And then we hit the most recent week, where Day 2 invites you to get up at sunrise and contemplating Genesis 1–not in a lectio divina sense, just in a communining with God in the beauty of his creation sense. Which would be great if a) I could motivate myself to get up at/before sunrise (hahahahahahahaha) (ah ha) (ha) (ha) or b) there had been a morning in the past week that wasn’t so cloudy as to obscure said sunrise. One day I tried to say screw it and just meditate on Genesis 1, but I was so tired I almost fell asleep as soon as I finished reading it, and anyway I feel guilty for not following ALL THE INSTRUCTIONS lest I somehow fail to get out of the program what I’m supposed to be getting out of it. And then our meeting for last week was canceled due to snow, and this week’s meeting was canceled due to Spring Break. So the two things that have been motivating me–the reading plan and the accountability–both fell apart.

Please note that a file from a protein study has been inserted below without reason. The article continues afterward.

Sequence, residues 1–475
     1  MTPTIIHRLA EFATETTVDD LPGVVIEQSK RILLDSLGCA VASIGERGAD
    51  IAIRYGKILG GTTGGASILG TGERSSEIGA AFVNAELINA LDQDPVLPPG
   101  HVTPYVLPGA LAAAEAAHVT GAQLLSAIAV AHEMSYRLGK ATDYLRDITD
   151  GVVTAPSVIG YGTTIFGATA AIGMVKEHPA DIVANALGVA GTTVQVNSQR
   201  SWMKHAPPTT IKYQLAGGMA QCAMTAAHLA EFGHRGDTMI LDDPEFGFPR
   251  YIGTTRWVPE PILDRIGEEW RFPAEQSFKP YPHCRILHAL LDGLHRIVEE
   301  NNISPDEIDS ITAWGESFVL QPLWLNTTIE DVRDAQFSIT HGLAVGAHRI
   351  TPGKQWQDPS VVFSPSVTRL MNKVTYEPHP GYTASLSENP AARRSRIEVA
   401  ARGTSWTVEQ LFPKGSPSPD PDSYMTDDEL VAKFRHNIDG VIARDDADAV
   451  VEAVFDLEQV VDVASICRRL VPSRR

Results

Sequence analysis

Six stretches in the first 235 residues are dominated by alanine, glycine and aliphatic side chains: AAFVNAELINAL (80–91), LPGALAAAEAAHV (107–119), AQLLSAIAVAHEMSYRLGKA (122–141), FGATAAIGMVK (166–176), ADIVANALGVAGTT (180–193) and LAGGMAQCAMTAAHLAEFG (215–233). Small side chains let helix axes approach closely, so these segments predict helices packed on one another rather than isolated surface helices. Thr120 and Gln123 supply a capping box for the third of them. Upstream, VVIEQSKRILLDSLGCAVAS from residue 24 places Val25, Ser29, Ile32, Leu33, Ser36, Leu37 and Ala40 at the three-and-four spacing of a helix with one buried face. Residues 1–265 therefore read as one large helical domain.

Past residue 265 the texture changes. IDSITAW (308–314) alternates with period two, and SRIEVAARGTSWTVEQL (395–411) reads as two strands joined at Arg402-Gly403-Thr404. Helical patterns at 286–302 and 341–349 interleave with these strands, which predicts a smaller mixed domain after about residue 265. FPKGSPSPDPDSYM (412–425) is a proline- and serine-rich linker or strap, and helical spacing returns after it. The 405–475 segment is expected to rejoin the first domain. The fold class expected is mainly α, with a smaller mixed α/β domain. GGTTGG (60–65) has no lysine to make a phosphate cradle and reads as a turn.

And I let them.
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The Church Militant

We’ve found our parish, our lovely on-post chapel, and I will fully admit that one of the things drawing us to it is one of the chaplains (there are three–three!–though one is currently deployed but will probably be coming back in a month or so), as he is an excellent homilist and I do so love a good homily.